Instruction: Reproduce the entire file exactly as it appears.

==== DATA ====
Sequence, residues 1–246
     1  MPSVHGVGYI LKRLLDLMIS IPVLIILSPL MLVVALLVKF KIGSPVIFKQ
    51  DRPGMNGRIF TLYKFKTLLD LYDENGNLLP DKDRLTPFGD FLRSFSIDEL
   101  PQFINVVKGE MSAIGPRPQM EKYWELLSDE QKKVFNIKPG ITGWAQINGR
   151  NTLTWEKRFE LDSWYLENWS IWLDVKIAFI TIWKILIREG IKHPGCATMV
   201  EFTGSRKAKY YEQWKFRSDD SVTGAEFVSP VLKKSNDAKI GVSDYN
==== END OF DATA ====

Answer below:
Sequence, residues 1–246
     1  MPSVHGVGYI LKRLLDLMIS IPVLIILSPL MLVVALLVKF KIGSPVIFKQ
    51  DRPGMNGRIF TLYKFKTLLD LYDENGNLLP DKDRLTPFGD FLRSFSIDEL
   101  PQFINVVKGE MSAIGPRPQM EKYWELLSDE QKKVFNIKPG ITGWAQINGR
   151  NTLTWEKRFE LDSWYLENWS IWLDVKIAFI TIWKILIREG IKHPGCATMV
   201  EFTGSRKAKY YEQWKFRSDD SVTGAEFVSP VLKKSNDAKI GVSDYN